By Sara Shahriari
ICTMN: Indigenous people from all over the world were brought to the United States and Europe and displayed at fairs and circuses during the 1800s and 1900s. Why were these displays so popular?
Egan: Most historians who study these exhibitions agree they were a way of reinforcing or illustrating the racist notions of white supremacy that seemed to be built into the logic of empire and colonialism. Most nations took great care to try and mold the people they put on display into images that justified their own colonial power. In some cases this meant trying to create “savages.” In other cases, they tried to use these displays of human beings to illustrate how the colonial presence was “civilizing” people. These exhibits also played into other forms of popular entertainment. They were a mix of imperial ambition and circus.
How was what Mamani and his companions went through similar to the experience of other “imported” indigenous people who came to the United States?
Their story definitely sounds exceptional, but what’s really shocking about the history of these “human zoos” is that it isn’t. One study I read estimated that more than 25,000 indigenous people were brought to fairs around the world between 1880 and 1930. These people struggled under harsh and changing conditions. Many of them had to change their hair, their clothes, their entire appearance to fit the expectations of the organizers and the audiences they were supposed to perform for. Some people were the targets of racist violence while they were on display, while others experienced more subtle forms of violence and were used as subjects of scientific study on racial differences during the exhibition. And, like Mamani, many people died during these exhibitions.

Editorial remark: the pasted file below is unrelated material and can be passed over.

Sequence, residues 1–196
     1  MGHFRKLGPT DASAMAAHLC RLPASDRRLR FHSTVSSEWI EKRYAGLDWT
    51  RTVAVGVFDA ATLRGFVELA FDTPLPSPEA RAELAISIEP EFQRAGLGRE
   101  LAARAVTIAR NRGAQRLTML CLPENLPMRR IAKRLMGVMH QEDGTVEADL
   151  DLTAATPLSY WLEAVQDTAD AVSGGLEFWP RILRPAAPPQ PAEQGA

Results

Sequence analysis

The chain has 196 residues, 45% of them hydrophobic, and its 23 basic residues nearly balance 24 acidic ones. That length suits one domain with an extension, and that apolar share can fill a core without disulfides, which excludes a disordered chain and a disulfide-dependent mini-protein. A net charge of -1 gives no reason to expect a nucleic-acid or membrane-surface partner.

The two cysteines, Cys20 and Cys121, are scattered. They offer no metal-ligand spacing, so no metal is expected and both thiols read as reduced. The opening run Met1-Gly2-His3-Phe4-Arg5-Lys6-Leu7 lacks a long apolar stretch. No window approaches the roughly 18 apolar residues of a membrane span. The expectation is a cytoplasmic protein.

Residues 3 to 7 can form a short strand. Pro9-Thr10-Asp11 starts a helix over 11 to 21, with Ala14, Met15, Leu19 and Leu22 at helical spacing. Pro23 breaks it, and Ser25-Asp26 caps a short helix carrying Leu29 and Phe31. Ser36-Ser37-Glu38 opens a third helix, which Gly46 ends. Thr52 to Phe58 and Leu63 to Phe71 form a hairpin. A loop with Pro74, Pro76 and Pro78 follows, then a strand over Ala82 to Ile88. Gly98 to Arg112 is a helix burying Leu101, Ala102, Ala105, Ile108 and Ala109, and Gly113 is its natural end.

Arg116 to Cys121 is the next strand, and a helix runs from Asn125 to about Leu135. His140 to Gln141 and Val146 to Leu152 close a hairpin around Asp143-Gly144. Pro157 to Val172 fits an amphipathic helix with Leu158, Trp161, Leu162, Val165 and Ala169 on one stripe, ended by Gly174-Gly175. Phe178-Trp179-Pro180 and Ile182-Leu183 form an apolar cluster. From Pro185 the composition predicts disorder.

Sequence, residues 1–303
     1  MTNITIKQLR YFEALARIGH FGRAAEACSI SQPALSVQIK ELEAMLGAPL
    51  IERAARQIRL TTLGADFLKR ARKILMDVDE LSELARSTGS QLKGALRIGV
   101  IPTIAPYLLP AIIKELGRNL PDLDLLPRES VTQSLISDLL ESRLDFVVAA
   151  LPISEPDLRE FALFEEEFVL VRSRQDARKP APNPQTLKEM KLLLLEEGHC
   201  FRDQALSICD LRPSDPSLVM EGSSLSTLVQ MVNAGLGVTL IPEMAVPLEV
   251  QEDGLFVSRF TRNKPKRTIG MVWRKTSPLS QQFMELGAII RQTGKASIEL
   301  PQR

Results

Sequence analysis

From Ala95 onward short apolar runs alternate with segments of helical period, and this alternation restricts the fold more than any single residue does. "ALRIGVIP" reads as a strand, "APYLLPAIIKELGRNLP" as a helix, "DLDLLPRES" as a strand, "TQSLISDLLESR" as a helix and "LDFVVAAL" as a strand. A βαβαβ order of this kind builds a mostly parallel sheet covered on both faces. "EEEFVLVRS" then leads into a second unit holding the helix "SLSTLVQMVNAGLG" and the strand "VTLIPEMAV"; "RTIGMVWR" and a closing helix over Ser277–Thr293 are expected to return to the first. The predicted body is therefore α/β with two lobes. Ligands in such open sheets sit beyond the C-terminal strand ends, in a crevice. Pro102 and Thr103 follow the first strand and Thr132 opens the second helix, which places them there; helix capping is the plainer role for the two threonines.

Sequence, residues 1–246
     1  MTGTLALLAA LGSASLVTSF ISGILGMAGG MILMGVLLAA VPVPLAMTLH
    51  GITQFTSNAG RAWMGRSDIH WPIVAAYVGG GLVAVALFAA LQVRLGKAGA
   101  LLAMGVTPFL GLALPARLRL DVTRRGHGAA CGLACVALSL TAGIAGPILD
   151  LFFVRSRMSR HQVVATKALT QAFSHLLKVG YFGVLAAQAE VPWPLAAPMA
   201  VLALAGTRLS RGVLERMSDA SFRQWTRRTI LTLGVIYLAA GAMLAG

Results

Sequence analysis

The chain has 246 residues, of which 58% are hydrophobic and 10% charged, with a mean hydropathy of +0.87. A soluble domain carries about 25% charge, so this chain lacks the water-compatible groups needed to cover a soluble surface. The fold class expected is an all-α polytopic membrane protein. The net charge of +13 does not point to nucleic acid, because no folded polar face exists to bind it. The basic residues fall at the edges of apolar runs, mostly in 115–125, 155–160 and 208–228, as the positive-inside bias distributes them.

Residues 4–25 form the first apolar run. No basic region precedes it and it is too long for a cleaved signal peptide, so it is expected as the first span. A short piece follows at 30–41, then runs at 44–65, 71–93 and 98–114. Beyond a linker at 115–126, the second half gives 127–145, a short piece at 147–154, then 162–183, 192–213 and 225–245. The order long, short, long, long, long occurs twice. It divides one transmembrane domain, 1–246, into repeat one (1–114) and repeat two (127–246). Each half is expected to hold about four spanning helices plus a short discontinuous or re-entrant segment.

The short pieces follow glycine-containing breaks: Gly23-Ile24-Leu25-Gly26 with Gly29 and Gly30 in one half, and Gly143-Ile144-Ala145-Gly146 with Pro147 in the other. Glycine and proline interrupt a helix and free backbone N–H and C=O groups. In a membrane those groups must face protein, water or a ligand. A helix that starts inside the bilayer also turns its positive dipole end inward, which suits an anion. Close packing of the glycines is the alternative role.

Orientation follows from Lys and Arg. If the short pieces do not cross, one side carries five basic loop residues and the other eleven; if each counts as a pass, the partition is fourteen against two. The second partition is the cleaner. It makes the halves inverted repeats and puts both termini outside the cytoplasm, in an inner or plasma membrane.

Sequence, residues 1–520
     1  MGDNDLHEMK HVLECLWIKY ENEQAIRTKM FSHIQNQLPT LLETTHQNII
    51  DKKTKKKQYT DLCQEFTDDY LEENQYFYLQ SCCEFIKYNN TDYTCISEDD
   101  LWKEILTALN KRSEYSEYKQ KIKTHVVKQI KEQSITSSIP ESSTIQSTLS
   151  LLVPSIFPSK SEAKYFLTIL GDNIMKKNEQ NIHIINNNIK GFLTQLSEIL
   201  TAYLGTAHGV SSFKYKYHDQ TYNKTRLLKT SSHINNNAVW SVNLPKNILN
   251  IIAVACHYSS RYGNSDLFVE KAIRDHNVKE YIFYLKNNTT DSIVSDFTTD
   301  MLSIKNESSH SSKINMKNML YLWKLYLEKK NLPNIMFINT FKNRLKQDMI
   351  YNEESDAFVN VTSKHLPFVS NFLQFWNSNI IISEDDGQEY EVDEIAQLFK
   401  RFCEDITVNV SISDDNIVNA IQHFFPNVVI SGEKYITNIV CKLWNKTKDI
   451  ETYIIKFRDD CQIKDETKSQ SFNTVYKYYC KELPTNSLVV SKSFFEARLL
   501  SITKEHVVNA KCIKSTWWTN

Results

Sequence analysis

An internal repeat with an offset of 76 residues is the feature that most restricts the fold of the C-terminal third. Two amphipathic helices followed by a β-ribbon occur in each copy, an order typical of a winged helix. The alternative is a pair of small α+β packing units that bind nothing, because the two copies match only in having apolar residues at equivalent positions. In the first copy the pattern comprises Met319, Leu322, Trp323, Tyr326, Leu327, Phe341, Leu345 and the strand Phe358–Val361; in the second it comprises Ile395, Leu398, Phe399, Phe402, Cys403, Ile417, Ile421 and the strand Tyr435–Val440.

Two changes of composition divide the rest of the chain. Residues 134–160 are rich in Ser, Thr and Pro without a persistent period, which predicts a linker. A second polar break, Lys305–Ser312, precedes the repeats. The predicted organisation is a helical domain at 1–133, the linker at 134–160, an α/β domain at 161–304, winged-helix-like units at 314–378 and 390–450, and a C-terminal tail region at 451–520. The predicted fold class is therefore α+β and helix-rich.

Below: "A group of Iroquois Native Americans pose at an exposition in France c. 1905.